18 posts categorized "Gulf Restoration"
From Wildlife Promise
New Orleans’ Central Wetlands were once a flourishing cypress swamp, home to a dizzying array of fish and wildlife, including alligators and hundreds of species of migrating birds. An easy drive from downtown, the Central Wetlands were also a haven for locals, who often hunted or fished for food in its waters.
Today the Central Wetlands are an open expanse of saltwater, punctuated only by the stumps of dead cypress trees. READ MORE >>
By Neela Banerjee
Reporting from Venice, La. — On an unseasonably warm winter morning, Earl Armstrong Jr. eases his airboat out of the slip, past a fishing crew hacking up a shark on the pier and a canal strung with hunting camps on stilts, into the broad waters of West Bay.
Armstrong, 67, kills the airboat's engine and, looking around, remembers a place nothing like this one.
"You couldn't travel through here before by boat," he says, looking at the vast water broken by a couple of small, grassy islands. "Used to be woods here when I was little, that's how thick it was. The grown-ups used to scare us by telling us there were tigers and lions up in here, but we came anyway.
The sea took the forests and marshes of West Bay, leaving mostly open water, as it has along hundreds of square miles of Louisiana's coastline over the last century. But now Louisiana may be about to embark on a highly ambitious project to keep its coast from slipping further underwater, and even restore some of it. READ MORE >>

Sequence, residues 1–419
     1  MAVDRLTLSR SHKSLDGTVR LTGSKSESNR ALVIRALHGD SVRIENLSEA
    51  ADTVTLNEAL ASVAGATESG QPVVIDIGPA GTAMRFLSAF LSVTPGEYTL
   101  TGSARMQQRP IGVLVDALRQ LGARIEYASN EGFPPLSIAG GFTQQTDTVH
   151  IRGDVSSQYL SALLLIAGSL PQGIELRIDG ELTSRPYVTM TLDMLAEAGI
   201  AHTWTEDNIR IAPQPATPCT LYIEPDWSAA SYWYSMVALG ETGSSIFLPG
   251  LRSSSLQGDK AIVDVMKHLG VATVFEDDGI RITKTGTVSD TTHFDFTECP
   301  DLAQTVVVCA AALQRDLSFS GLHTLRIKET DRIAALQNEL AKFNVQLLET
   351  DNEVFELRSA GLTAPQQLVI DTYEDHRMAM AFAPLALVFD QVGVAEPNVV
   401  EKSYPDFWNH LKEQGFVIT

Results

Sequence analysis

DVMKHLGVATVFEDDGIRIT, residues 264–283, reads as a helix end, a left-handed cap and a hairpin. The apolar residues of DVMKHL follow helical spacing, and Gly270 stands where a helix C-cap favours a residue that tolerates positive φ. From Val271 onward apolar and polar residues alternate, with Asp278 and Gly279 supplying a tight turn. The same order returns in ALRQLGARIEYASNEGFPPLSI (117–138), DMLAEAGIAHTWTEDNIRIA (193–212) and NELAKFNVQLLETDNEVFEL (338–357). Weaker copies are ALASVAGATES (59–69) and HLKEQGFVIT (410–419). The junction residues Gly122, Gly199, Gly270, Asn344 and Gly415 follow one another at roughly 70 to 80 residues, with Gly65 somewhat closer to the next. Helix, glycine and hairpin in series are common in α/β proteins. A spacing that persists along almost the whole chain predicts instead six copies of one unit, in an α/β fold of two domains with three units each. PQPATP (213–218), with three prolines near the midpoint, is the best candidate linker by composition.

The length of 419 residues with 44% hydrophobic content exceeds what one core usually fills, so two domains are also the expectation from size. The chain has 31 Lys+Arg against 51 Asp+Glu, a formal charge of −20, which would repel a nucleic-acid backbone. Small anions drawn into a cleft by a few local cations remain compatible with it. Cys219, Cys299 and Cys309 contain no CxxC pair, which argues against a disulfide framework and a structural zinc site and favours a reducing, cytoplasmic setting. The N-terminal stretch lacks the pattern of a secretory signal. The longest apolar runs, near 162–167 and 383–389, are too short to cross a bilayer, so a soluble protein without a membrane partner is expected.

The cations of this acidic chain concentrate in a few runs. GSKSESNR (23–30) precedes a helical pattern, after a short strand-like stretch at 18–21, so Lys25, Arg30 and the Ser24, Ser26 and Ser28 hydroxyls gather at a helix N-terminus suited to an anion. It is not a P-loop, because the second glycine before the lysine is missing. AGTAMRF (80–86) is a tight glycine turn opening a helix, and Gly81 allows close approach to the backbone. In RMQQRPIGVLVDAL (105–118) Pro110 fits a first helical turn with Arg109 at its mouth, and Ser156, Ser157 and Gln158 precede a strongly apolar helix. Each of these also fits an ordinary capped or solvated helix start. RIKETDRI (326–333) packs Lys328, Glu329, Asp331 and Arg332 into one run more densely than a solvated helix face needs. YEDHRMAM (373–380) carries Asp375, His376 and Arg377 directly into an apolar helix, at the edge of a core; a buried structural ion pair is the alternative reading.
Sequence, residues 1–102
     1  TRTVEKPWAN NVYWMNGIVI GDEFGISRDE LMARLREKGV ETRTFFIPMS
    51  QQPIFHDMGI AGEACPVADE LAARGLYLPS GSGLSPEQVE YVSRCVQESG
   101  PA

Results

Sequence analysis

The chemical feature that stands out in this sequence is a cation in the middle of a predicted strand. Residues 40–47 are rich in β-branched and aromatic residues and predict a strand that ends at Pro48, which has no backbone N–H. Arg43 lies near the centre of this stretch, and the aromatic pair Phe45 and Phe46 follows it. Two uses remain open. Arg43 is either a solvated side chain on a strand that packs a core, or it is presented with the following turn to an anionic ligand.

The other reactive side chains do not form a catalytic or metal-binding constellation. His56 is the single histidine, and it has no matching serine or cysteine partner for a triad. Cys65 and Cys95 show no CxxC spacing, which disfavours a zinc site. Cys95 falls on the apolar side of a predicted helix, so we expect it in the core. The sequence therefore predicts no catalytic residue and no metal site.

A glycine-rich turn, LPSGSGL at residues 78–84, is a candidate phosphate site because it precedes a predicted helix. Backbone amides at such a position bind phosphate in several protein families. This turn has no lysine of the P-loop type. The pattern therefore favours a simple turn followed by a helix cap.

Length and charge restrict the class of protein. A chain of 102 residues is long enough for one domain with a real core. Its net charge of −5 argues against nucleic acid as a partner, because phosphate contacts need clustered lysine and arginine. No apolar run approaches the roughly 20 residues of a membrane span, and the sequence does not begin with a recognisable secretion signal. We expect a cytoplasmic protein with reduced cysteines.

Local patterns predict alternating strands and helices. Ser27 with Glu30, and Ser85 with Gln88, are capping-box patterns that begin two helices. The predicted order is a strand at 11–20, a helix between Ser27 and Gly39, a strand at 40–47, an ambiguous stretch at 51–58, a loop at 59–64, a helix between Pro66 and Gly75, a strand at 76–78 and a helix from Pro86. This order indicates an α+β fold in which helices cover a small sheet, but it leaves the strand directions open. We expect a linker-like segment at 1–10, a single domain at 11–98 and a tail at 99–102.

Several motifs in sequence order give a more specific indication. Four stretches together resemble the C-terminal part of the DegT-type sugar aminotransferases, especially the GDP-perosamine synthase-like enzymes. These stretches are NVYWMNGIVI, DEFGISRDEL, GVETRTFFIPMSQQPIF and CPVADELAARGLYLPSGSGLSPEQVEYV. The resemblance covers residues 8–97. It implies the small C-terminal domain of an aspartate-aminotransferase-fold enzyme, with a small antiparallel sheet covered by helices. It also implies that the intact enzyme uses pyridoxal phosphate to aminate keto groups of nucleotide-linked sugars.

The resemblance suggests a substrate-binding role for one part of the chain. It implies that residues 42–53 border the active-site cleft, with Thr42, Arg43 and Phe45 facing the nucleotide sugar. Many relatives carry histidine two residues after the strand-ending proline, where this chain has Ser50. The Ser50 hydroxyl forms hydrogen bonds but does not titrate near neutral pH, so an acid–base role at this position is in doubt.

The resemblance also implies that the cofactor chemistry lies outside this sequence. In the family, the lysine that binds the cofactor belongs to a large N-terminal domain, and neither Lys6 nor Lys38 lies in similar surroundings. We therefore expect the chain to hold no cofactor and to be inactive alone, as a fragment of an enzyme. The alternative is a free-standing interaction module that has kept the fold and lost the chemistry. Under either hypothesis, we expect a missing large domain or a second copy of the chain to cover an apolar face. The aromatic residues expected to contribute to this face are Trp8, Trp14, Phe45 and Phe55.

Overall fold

John Taylor was ten when he first explored Bayou Bienvenue in New Orleans.
"What I found was a special place; the bayou was full of plants and animals to learn about and quiet spots to think in," recalls John, a volunteer with the Sierra Club Environmental Justice Program in Louisiana.
"I've spent the last 50 years visiting the bayou near my home in New Orleans' Lower Ninth Ward, and every year it disappears a little more - today, what was once a healthy cypress forest is now just open water."
John said it wasn't until Hurricane Katrina that he and others fully realized how the bayou had changed over the years. With the bayou's forest gone, Lower Ninth Ward residents and property were exposed to the storm’s full fury of rising flood waters that left lasting devastation.
Then only a few years later, the BP oil disaster set in motion a chain of events that further damaged Louisiana and the Gulf Coast's coastal marshes and waters.
John's New Orleans neighborhood continues to work to restore Bayou Bienvenue as other communities throughout the Gulf struggle to recover from the devastating impacts of the spill, all while BP continues to enjoy record profits. READ MORE >>